Increased Accountability

In the current environment, particularly at financial institutions, responsible managers are increasingly likely to seek fidelity bond recoveries for losses that might have once been written off to avoid internal controversy. If there is a loss, however, management has the responsibility—on behalf of the company and its shareholders—to determine the cause, to control and limit the loss, to prevent subsequent similar losses, and to attempt to make the company whole. Failure to meet these responsibilities may raise the ire of regulators or stakeholders. Of course, pursuing claims under a fidelity bond is not the complete answer, but it can be a key component of a comprehensive and prudent strategy for responding to losses.

When determining whether to submit a claim for a loss that may be covered under a fidelity bond, remember that these bonds typically have fairly short and rigid deadlines (such as within 60 days after discovery) for providing notice of a loss, as well as deadlines for submitting a proof of loss. The failure to provide timely notice too often results in a loss of coverage.

A Simple Lesson

The lesson for insured institutions and their management teams is simple: do not take fidelity bonds for granted in the context of a comprehensive risk management program.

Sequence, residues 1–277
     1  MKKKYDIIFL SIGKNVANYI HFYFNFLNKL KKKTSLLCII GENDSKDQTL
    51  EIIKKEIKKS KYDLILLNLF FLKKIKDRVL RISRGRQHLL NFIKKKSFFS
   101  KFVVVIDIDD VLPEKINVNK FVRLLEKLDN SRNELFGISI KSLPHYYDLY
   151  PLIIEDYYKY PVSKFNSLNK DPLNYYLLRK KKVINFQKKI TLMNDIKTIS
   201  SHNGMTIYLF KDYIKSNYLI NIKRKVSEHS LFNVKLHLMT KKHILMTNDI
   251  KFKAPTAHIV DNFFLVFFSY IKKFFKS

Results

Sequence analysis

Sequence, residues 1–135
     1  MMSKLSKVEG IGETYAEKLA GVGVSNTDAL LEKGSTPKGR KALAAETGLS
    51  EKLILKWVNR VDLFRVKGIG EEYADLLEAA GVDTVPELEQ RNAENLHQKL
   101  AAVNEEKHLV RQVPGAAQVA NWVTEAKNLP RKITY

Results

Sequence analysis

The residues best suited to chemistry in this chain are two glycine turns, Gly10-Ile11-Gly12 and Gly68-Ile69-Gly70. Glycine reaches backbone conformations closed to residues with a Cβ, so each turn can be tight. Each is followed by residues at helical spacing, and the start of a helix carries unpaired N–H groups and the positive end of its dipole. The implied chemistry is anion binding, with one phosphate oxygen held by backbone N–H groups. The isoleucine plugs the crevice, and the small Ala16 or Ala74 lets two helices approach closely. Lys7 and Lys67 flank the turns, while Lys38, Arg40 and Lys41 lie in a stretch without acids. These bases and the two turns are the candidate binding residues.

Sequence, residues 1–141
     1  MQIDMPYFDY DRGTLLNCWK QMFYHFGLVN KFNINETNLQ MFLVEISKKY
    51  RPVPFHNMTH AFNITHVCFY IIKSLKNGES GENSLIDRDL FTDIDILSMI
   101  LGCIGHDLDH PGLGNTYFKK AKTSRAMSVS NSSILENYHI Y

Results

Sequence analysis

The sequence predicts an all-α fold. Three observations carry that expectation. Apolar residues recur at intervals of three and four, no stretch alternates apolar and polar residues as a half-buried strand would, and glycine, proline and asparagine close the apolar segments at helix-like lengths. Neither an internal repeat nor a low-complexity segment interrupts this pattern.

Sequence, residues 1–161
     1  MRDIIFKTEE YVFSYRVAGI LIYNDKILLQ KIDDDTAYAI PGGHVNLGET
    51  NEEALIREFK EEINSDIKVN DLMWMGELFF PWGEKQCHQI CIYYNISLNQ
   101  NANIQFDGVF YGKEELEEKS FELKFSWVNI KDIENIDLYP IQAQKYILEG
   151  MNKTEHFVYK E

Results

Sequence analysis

• Be prepared to assess whether a loss may be covered under your fidelity coverage;
  • Familiarize yourself with the terms and conditions of your fidelity coverage;
  • Be prepared to dig into the difficult details necessary to establish a claim under a fidelity bond, as well as the possibility that fidelity claims may involve unique coordination issues; and
  • Pay attention to coverage extensions in today’s fidelity bonds that often go beyond traditional boundaries.

Keeping these issues in mind, policyholders can utilize fidelity bonds as a valuable component of an effective strategy for responding to loss resulting from dishonesty, fraud and theft.

© 2022 Much Shelist, P.C.National Law Review, Volume I, Number 307
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About this Author

Neil B. Posner, Insurance Coverage Attorney, Much Shelist Law firm
Principal

Neil Posner successfully counsels his clients on the complexities of buying and maintaining insurance, and using insurance as part of an overall risk-management program. Chair of the firm’s Policyholders' Insurance Coverage group, Neil focuses on insurance recovery and dispute resolution, risk management, loss prevention and cost containment. His clients include public and private companies, organizations, boards of directors, individual officers and other policyholders.

312-521-2623